For the Puerto Ricans who remained in New York City during the 1970s, conditions were grave. A report by the New York City Department of City Planning characterized their situation in this manner: “Few could envision the massive loss of manufacturing jobs which occurred [in the city] in the 1960s and 1970s. When coupled with the continued decline of the island economy, these changes proved to be very unfavorable for Puerto Ricans who had come to see migration to New York as a way of escaping the economic dislocation on the island economy… The result was a significant decline in labor force participation among the Puerto Rican population, particularly among women. Poverty levels increased dramatically in the 1960s and by 1970 Puerto Ricans were among the poorest city residents, many living in portions of the city which became national symbols of urban blight.” (p. 2)

Thus, poverty came to characterize New York City’s Puerto Rican population as a group, and poverty was a condition many Puerto Ricans came to endure.

These dire straits for Puerto Ricans in New York are captured by the following statistics. In 1979, one fifth of all city residents lived below the poverty level. For Puerto Ricans, the rate was 42.5%; twice the city’s rate of poverty. For Puerto Rican children, the proportion of those living below the poverty rate was 55.3%, compared to 32.2% of children overall. This was partly driven by the fact that fewer Puerto Rican households had earnings in 1979—61.8%—compared to 73% of all households in the city at that time. For Puerto Rican men, their labor force participation rate in 1980 was slightly lower (65.6%) than for NYC men overall (69.4%), while their unemployment rate was higher (11.6% vs. 7.6%). For Puerto Rican women, however, the labor force participation rate was notably lower (33.6%) compared to NYC women overall (47.1%), while their unemployment rate was higher (12.4% vs. 7.6%).  But even among those Puerto Rican households who did earn a living, their take-home pay was lower than for the population as a whole, even for the same class of occupation. For Puerto Rican men and women, whether they worked in blue-collar or white-collar occupations, their average annual earnings were lower across the board than for the population as a whole.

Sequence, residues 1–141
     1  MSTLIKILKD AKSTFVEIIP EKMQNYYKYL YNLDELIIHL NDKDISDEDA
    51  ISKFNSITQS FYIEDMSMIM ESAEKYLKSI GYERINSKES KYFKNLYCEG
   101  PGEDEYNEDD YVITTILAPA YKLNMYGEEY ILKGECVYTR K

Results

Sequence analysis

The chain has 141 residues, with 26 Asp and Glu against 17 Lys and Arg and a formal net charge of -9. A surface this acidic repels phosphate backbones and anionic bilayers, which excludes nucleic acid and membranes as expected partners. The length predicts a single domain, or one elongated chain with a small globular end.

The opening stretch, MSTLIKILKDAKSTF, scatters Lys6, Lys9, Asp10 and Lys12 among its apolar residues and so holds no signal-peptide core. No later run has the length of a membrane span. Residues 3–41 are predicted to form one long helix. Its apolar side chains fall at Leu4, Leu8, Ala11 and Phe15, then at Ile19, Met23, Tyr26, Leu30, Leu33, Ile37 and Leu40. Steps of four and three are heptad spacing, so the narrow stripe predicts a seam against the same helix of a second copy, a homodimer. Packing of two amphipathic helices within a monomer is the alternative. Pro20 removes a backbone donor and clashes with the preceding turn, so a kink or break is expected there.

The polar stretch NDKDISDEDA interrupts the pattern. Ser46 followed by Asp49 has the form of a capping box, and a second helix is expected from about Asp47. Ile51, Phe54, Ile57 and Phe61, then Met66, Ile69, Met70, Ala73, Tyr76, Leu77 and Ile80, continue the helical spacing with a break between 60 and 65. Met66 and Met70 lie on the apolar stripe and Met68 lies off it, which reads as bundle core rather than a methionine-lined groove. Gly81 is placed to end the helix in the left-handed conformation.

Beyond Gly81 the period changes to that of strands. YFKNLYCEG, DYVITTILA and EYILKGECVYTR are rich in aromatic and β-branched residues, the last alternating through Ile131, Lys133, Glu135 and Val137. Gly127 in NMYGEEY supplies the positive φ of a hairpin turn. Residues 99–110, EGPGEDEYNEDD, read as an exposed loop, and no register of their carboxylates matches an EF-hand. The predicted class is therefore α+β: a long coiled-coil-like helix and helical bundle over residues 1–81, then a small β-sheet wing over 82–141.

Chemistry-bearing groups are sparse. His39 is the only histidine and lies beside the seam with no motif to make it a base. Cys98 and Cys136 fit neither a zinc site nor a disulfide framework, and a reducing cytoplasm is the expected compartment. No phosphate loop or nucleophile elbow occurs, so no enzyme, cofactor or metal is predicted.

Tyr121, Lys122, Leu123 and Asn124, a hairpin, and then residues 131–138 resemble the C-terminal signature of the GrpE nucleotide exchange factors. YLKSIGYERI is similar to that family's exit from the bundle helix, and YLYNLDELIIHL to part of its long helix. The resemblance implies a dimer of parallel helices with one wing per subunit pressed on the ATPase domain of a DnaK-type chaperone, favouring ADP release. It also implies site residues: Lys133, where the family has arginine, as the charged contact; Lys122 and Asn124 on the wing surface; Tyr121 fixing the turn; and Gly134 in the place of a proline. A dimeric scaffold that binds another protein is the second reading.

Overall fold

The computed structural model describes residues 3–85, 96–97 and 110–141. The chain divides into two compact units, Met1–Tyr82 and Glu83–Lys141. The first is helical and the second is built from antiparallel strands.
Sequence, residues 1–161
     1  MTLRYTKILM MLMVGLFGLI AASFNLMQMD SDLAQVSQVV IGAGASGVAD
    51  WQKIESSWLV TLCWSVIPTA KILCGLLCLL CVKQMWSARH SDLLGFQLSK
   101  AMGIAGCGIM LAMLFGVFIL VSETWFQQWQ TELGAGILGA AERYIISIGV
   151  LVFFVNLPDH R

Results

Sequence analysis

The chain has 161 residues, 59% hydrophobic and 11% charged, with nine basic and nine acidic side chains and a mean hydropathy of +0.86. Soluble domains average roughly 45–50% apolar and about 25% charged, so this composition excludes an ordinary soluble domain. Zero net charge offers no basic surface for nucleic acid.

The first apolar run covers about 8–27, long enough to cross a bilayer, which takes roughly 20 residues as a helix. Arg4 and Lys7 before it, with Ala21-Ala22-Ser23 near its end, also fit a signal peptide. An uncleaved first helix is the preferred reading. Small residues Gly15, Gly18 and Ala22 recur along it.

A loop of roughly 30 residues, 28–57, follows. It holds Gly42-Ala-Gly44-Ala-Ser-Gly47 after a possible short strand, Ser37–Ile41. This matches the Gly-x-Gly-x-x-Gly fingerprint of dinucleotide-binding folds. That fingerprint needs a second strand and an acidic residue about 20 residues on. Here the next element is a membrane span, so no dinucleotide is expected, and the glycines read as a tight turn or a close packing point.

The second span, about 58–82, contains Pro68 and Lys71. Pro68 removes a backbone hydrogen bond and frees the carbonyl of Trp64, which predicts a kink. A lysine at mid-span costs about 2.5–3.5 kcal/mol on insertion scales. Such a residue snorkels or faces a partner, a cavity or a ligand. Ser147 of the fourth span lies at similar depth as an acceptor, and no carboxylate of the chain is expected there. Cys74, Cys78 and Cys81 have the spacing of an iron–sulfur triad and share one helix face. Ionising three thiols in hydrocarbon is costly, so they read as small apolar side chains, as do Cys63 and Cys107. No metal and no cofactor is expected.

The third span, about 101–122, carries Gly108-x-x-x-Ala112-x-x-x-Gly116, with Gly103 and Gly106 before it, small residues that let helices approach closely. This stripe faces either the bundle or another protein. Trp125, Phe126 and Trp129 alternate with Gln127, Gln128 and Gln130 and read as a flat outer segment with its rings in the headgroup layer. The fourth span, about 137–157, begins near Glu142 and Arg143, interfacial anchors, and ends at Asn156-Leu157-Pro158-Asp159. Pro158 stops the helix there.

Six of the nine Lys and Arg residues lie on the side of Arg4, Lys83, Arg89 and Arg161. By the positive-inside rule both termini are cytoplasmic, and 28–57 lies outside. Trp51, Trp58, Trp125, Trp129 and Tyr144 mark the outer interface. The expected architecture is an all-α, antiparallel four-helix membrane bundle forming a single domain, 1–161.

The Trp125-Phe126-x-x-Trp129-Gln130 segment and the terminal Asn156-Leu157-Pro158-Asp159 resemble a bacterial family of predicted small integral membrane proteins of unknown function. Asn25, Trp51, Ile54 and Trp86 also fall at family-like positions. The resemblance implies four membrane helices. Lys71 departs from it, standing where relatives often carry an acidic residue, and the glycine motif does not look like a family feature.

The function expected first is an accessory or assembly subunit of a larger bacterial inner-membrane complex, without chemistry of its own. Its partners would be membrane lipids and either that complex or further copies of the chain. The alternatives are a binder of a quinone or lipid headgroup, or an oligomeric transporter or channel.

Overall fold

Thus, poverty came to characterize New York City’s Puerto Rican population as a group, and poverty was a condition many Puerto Ricans came to endure.

Puerto Ricans were poor, overwhelmingly poor. But they were not uniformly poor. The 1970s saw the makings of a fledgling white collar middle-class and skilled craft trades that supported a blue-collar middle class lifestyle. For instance, in 1980, among Puerto Ricans, 16 years of age and older, there was a professional/managerial class that represented 11% of those in the labor force and an additional 2% who worked as technicians. Furthermore, among males 14% of Puerto Rican workers were in precision production and in craft trades, while Puerto Rican women occupied 3.5% of this high-skilled blue collar sector, along with a strong clerical presence.

This incipient middle-class presence manifested itself in a bifurcated geographic distribution among Puerto Ricans. There was a small but noticeable shift of Puerto Ricans to the suburban areas of the city, specifically in Queens and Staten Island, so that by 1970 those two boroughs contained 5% of New York City Puerto Ricans and 10% in 1980. But the bulk of the Puerto Rican population, upwards of 70%, was increasingly concentrated in the Bronx and in Brooklyn. These were the boroughs that saw the fastest and biggest drops in population along with the biggest material disinvestment in the city.